Malaysia: IHL as a window on the world
Shazwina Ahmad Mazli (23) is studying law at Malaysia’s Universiti Teknologi MARA, where she has become increasingly interested in international law. She had planned to study science after leaving school, but when she was introduced to law it was love at first sight and now Shazwina is looking forward to practicing as a lawyer in the near future. She learned a lot at the 10th IHL Moot Court final round in Hong Kong in March 2012, and intends to bring her newly-acquired knowledge back to Malaysia with her.
How did you become interested in international humanitarian law?
Initially, I entered the competition simply because I was interested in mooting. But researching for the competition opened my eyes to IHL and I developed a real interest. Apart from which, the moot problem was both fascinating and challenging, and that was an additional motivation to learn more about IHL.
Do you think IHL is relevant in Malaysia?
Our country is fortunate, in that we are at peace, but it’s still essential for the public to know about IHL, in order to understand what’s happening elsewhere. It’s also important that people know the rights of civilians during war, because regardless of the situation, every human being has rights that must be upheld at all times.
Are you satisfied with your performance and the result? Is there anything you want to improve on?
We were definitely not satisfied with our performance in the first round. It was a low point for my teammate Farhan Zafry Faiz and me as we had been studying and training for almost two months, and our performance didn’t reflect our efforts. We came out of the first oral rounds dejected by our results, but that was a valuable learning experience.
The first round showed us where our weaknesses lay and stimulated us to do better in the next. And indeed, we did do better in the second round. We left the room with smiles on our faces, knowing we’d done our best regardless of the outcome.
The results of the rounds were fair. Watching the final round made us realize that we have a lot of work to do in order to become great mooters in the future.
If there is one thing that I could change about my performance it’s that I would have clarified the judges' questions properly, instead of answering what I thought the question was!
What was it like to work with students from other countries?
The first team was from Nankai University, China. They answered every question smoothly, which showed their confidence, and I admire them for that.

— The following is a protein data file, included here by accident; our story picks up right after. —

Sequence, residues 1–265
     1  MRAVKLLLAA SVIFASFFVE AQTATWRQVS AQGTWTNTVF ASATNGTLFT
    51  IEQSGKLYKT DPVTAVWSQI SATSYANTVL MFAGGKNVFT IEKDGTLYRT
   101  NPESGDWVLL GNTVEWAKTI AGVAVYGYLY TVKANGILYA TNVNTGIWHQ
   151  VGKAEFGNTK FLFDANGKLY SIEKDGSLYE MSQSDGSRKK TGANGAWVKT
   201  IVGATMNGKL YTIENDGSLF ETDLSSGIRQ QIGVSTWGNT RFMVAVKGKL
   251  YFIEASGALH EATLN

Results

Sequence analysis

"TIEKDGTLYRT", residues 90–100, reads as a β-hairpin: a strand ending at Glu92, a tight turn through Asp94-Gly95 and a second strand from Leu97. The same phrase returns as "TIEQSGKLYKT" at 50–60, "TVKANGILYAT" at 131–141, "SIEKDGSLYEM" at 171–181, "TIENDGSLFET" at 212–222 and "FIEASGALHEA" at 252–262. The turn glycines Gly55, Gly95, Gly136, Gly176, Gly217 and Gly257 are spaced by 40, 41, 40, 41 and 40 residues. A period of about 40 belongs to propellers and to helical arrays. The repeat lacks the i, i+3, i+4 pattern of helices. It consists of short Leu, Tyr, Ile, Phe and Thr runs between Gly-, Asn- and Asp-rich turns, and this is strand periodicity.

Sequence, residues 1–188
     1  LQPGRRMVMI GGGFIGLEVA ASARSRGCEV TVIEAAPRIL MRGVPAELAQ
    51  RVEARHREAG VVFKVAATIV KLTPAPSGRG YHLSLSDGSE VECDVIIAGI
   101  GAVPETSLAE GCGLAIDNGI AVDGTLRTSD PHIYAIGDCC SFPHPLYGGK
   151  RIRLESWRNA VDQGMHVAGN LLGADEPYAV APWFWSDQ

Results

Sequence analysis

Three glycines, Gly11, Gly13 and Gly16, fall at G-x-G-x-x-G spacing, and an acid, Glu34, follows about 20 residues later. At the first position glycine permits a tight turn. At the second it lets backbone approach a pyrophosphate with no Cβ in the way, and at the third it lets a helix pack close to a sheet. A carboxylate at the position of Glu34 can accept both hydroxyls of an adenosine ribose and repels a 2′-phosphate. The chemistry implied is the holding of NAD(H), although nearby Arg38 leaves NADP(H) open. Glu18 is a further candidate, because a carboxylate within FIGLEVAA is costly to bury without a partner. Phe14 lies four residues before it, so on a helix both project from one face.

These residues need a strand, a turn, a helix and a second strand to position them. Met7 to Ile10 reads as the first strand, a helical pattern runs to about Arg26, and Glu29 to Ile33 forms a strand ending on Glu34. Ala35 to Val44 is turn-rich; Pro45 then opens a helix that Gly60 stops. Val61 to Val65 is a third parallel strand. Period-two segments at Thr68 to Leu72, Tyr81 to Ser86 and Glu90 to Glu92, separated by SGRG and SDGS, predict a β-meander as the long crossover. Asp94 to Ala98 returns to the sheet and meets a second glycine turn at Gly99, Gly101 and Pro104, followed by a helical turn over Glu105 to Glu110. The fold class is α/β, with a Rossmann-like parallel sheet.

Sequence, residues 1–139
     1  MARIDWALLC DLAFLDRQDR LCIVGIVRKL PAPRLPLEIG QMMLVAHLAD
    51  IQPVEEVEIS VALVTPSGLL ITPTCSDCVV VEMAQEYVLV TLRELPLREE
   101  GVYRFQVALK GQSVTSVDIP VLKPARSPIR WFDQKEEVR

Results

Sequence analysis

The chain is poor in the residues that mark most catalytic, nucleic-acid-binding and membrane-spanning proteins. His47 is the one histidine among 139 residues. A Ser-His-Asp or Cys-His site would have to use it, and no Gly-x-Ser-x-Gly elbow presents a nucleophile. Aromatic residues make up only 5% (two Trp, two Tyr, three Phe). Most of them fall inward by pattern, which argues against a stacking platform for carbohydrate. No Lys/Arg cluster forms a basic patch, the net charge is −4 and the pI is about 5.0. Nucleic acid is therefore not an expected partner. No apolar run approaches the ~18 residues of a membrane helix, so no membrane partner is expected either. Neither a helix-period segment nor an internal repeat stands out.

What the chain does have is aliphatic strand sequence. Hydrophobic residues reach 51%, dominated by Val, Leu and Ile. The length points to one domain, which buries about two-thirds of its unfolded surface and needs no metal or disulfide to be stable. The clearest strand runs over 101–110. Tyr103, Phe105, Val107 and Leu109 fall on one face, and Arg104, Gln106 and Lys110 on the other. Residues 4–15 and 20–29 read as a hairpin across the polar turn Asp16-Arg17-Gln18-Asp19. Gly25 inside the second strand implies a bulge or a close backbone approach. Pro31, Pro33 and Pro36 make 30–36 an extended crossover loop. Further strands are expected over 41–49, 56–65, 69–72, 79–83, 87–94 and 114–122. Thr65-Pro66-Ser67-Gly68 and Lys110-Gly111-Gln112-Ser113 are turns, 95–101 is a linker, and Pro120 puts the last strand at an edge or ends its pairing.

The second team was from Korea National University. The first speaker was good, even though she did rely quite heavily on her script. The second speaker spoke English more naturally and presented her points well, although she faltered a bit when answering questions.
I had a wonderful time with all the participants and it was a pleasure getting to know them. The opportunity to interact with people from so many countries who are studying the same thing as you is very valuable, and so is the chance to discover their culture.
What is the difference between the national and regional rounds?
The judges for the national rounds weren’t IHL specialists, so the questions were confined to the moot problem. In the international rounds, the judges did have a background in IHL, and the questions were broader and forced us to think critically. Without the judges, I wouldn’t have discovered my weaknesses, and I’m truly grateful for their insightful comments after the end of each round.
Will these competitions help you in the future?
Definitely. I came back to Malaysia with a head full of new knowledge. I can’t wait to pass on what I’ve learned to the students who will be taking part in the next national rounds. I’m setting my sights on entering the Philip C. Jessup moot competition next year and the experience I gained in Hong Kong will help me achieve my aim of bringing the Philip C. Jessup trophy for the national rounds to our university.
Lastly, I have gained a deeper understanding of what IHL is. I will try my best to share my knowledge and to make others aware of what IHL is about.